About six weeks ago, Ryan started letting go of one thing to walk to another. It was never more than a few steps and he outright refused to do it on command, so we weren’t sure how close he was to actually walking. Still, we try to celebrate those inchstones, and this was kind of a major one. We were all very excited.
Then, at the beginning of September, he had a breakthrough during one of his physical therapy sessions. His PT had encouraged us to have him push things around: diaper boxes, toy bins, laundry baskets…things that wouldn’t tip over if he put a lot of weight on one end. We hadn’t seen much success, since he’d rather climb on or sit in things than push them across the floor.
His PT has always worked with what we have available, rather than bringing in equipment or toys we wouldn’t be able to use later. This time she grabbed the doll stroller to see if he’d try pushing it. Ryan had always preferred to ride in it, being pushed around by his sisters. On that day, though, something clicked. He realized he could be the one who pushed it. We put a teddy bear in the stroller, showed him what to do, and off he went!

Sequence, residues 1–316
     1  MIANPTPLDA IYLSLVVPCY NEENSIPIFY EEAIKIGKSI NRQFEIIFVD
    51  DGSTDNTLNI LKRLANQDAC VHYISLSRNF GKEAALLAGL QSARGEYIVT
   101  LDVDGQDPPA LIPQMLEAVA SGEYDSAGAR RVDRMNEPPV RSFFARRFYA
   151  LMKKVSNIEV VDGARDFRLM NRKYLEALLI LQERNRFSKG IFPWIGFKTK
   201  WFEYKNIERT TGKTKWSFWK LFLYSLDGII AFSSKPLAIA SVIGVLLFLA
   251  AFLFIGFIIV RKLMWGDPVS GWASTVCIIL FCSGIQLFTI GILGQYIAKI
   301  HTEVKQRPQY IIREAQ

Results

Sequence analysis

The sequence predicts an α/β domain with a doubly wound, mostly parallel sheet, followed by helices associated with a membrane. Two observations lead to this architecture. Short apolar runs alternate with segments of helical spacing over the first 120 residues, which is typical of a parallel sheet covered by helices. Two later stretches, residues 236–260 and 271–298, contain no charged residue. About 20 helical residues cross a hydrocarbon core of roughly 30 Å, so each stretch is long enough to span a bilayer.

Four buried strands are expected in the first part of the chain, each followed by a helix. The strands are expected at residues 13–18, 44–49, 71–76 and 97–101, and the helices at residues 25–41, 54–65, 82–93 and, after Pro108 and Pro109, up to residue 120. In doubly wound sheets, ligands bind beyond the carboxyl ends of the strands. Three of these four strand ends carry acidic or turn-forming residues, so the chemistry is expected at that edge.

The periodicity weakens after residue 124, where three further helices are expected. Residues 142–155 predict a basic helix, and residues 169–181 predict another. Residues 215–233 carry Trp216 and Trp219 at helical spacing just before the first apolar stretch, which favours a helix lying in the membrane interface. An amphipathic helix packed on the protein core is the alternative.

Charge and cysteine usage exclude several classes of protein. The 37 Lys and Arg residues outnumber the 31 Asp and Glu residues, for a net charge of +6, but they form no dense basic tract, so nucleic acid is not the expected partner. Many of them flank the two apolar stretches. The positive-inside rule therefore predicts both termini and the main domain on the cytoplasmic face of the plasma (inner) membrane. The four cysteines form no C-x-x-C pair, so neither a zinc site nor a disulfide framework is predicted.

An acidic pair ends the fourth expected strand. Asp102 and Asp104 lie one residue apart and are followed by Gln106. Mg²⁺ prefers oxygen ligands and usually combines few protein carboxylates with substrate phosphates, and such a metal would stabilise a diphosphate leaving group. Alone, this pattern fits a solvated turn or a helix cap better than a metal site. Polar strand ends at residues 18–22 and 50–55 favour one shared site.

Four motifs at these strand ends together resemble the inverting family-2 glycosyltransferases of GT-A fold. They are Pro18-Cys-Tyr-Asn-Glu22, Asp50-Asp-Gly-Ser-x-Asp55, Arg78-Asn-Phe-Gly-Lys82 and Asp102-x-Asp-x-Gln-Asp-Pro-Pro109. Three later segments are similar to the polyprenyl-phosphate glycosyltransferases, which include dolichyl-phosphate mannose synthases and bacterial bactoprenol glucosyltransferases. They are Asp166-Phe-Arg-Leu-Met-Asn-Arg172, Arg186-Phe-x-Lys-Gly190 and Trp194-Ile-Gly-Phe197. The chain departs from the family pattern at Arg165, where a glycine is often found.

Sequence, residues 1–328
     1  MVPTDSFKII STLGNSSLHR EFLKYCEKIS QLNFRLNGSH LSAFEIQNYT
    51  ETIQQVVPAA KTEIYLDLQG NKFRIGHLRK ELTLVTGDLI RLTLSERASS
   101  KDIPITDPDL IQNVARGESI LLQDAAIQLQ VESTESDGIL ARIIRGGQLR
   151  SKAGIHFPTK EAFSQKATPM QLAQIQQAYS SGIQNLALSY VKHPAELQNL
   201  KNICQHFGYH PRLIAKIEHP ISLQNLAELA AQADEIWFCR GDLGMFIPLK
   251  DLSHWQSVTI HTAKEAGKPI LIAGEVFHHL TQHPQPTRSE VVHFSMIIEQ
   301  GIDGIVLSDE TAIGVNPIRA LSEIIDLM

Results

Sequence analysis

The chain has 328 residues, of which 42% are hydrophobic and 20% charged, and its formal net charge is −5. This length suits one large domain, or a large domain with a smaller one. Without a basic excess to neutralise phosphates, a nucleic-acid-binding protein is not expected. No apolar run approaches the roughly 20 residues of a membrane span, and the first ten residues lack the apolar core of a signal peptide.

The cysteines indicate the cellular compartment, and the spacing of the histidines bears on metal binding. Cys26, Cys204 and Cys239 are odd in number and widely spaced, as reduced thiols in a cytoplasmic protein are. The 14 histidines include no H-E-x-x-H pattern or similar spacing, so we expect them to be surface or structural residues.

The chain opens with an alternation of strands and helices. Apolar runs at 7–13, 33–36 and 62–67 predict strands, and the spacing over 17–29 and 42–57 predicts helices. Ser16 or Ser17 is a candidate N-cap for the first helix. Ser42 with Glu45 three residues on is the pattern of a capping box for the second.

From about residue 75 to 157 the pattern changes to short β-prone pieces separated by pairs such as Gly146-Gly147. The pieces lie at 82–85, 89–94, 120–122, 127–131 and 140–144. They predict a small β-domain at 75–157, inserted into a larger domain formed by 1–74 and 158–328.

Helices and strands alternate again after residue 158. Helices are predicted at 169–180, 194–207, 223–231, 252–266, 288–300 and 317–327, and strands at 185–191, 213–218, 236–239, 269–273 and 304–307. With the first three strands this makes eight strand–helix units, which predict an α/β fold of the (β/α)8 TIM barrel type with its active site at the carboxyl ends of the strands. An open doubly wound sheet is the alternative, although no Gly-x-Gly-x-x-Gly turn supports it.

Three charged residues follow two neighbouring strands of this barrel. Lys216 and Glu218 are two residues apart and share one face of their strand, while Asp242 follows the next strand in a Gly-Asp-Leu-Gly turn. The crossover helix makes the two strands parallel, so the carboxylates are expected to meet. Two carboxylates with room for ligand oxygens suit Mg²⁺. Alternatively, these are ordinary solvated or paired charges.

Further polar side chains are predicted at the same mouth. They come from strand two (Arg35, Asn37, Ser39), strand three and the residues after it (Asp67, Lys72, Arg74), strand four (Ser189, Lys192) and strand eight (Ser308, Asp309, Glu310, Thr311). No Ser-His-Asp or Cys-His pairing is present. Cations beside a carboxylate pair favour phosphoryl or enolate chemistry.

It. Was. Awesome.
We all cheered and clapped as he marched around proudly, pushing that little pink stroller like he’d been doing it his entire life. His confidence was adorable. What blew me away, though, was that the stroller provided zero support. It’s so lightweight that if he had tried to lean on it for balance, it would’ve tipped right over. He was walking on his own; he just needed something to hold onto for some extra confidence.
And that was it. He spent a few days pushing things around before deciding he didn’t need help anymore.
My boy, who less than a year ago refused to put his feet on the ground at all, could walk.
He hasn’t stopped walking since.
I’ll confess, I get frustrated with him a lot now that he’s more mobile. He throws a fit when I try to carry him somewhere instead of letting him walk. Going anywhere takes more time these days because his toddling sets the pace. And he does not want to hold my hand in parking lots, which gives me endless anxiety.
But I try to be patient. He worked so hard to get here and is making up for lost time. He’s happier now that he can get around on his own two feet. More demanding and, uh, adventurous, yes, but also more independent. Walking has opened the world to him, and it’s been marvelous to watch him discover what he can do.
Suddenly he doesn’t feel like a baby anymore. It’s exciting and a little heartbreaking at the same time.
Does it ever get easier to watch your babies grow up?
Could anything be more delightful?
My guess is no and no. I’m okay with that.